I was also able to lay hands on something new from the first brewery in North Carolina to milk that undeniable fact that I do play favorites when it comes to sports and BBQ and music and most of what makes my old home state wonderful. Highland Brewing of Asheville has spawned a terrific new Low-ABV IPA that neatly avoids every single cliché of brewing up reduced-octane, hops-forward light ale. Highland Brewing “Daycation”is a bright, crisp, wildly refreshing beer that marries a really interesting and even complex malt profile that crouches underneath its volley of citrusy resins and lifts this beer above what most “session” IPAs have yet achieved. A crafty combination of Mosaic, El Dorado, and Azacca hops weave an intricate tapestry of uber-fresh citrus peels, tropical fruit, wildflowers, jasmine, grapefruit, spruce resins, and even a hint of honeysuckle that show up immediately, on the front of the palate, and then broaden into a creamy, bright flood of those aforementioned flavors and some engrossing little grace notes, as well. I’ve contended for a while, now, that the trick to making a great reduced-alcohol IPA is to play up the broad spectrum, of hops flavors, emphasize citrus and florals and spices, and not insist on trying to satisfy the Hops-Freak crowd (which a “sessionable” IPA probably won’t do, anyway)and make the IPA-ish aspects more about flavors than bitterness. Bellevue, Washington’s great Geaux Brewing and its brewmaster, Jeremy Hubble, have turned this trick neatly, already, with their brilliant “Gulf Coast” IPA and this Highland gem is very much on a par with that little masterpiece.
Highland is one of the oldest craft breweries in the Southwest and what Oscar Wong and Holly Stephenson are doing there fills me with a very real, hickory-smoked, sticky-heeled sort of Carolina pride. I will confess to having tasted beers from a large and growing number of NC breweries which is just thought really had some growing yet to do. Not so with Highland. You plop this outfit down in the middle of Bend or San Francisco or even Denver or Portland and it is still an exceptional brewery. If Daycation is indicative of what the quality level is, as of February 2017, Highland is a must-visit and must-find for anyone planning a Beercation to the Old North State or choosing something off a shelf, anywhere Highland is available. Which is, currently and sadly, not Seattle…damnit. 95 Points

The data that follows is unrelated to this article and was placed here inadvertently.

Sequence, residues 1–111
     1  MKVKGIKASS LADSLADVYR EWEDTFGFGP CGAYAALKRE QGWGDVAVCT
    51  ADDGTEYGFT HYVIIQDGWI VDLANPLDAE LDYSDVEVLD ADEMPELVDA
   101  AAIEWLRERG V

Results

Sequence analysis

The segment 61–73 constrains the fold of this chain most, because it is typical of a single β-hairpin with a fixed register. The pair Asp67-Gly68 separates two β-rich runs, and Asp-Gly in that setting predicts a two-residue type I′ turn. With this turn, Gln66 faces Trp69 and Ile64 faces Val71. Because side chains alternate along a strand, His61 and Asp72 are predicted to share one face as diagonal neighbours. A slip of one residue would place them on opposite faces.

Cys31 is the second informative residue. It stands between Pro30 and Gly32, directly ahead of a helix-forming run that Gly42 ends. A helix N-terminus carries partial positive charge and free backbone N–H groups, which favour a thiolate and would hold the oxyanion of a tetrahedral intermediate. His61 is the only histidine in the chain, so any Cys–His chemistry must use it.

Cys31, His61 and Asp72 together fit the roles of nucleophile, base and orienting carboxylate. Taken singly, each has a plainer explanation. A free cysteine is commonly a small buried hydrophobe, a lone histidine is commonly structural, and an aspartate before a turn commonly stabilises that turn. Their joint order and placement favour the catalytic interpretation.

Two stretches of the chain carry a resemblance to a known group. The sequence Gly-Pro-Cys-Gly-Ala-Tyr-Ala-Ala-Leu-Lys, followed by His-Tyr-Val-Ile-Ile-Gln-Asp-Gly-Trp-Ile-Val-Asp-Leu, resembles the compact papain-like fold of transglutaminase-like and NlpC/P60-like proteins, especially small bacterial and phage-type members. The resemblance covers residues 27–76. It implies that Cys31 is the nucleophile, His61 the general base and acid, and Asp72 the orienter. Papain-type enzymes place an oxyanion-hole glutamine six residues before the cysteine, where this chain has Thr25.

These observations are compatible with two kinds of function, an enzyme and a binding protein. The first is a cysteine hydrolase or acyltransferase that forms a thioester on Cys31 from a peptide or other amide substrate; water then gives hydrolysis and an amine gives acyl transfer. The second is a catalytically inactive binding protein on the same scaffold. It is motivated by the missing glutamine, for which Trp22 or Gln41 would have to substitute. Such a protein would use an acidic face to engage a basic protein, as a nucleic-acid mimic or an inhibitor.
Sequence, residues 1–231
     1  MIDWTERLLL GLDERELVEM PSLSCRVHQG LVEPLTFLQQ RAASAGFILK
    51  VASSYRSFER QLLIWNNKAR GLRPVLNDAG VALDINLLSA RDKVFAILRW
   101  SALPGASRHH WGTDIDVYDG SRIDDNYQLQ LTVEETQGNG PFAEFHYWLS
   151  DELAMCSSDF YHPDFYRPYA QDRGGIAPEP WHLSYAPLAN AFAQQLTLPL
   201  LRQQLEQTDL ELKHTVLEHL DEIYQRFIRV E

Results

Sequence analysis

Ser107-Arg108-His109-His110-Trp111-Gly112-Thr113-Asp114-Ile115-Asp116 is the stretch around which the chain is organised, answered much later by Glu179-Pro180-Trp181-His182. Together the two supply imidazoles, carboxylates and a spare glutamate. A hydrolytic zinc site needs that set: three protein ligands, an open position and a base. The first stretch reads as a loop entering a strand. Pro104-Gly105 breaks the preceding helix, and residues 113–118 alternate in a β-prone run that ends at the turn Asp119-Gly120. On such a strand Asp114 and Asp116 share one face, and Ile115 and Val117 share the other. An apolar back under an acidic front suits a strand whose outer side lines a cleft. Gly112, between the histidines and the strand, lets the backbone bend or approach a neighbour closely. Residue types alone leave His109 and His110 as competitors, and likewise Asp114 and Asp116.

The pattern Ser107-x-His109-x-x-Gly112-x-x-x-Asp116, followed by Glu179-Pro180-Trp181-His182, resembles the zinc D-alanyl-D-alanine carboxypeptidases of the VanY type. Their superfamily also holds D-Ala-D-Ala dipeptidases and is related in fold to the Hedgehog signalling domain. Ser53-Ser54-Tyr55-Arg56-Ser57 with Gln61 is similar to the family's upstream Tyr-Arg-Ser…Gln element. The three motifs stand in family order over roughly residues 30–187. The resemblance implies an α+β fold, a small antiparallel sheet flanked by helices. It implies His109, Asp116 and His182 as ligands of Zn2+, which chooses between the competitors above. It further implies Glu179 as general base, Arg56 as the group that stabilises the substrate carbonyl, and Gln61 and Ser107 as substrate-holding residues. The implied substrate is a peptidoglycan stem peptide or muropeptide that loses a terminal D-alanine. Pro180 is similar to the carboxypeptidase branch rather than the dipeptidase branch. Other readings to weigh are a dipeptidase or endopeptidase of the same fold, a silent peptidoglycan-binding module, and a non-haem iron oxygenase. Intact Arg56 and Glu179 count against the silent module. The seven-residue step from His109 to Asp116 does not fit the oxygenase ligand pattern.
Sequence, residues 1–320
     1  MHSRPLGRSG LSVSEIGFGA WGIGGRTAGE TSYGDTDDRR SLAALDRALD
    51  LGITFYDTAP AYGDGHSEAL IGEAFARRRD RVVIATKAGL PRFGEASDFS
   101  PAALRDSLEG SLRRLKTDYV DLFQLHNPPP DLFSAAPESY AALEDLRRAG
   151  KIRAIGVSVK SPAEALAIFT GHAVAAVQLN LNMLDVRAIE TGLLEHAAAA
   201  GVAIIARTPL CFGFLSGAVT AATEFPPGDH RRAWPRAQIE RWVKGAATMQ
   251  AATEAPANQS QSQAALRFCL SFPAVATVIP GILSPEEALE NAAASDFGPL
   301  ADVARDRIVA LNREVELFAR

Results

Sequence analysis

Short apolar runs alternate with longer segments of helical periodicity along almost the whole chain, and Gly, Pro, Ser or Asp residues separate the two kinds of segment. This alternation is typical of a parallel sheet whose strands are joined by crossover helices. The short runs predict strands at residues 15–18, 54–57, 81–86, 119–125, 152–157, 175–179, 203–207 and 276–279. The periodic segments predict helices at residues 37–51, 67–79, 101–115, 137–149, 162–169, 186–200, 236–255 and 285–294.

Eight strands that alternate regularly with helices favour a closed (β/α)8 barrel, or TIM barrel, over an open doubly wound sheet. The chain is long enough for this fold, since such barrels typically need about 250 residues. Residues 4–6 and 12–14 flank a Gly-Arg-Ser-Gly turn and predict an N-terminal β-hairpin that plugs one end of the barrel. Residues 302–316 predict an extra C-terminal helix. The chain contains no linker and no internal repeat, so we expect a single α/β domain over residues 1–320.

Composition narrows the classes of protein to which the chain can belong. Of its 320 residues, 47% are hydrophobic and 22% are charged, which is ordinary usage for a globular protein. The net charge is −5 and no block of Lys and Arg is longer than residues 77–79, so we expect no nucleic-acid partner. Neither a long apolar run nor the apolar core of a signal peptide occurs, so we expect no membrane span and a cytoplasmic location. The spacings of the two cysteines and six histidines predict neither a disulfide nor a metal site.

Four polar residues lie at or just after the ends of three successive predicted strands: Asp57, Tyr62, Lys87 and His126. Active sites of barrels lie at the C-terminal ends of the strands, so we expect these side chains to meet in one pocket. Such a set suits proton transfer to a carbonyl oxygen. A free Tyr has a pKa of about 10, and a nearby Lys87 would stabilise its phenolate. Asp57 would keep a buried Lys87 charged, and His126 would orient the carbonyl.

Down there in good ol’ Bourbon-soaked, horse-crazy, Bluegrassy Louisville, Kentucky – a town I truly love, an older brewery has lately remade itself, refocused its goals, and become something of such great promise that I am literally on Red Alert to see what Goodwood Brewing does next.
Goodwood is the former Bluegrass Brewing Company, a project started in 2001 as a fairly normal brewery that made fairly normal beers that other breweries also make routinely, but given some of the best names in the history of American craft beer. It was the names which first got me interested in BBC, in fact; monikers like Horse Piss Beer, Hell for Certain, Homewrecker IIPA, Gloomsucker Black Ale, and Mind Numbing IPA. I tasted several, courtesy of some friends from KY, and easily the most memorable was the Bourbon Barrel Bearded Pat’s Barleywine, a towering, big, boozy masterpiece that led me to write that Louisville colleague and say, “Hell, these guys should just concentrate on their barrel program and leave that other stuff to the fairly-goods.” (I slip into Southern idioms when writing to Southern friends) Well…funny thing about that: a few years fast-forward and that’s just what BBC has done. The revamped BBC, now called Goodwood Brewing Company, is All About That Bass; that round, fat bottom end of whiskey and wood and boozy mellowness that can only from time, barrels, and patience.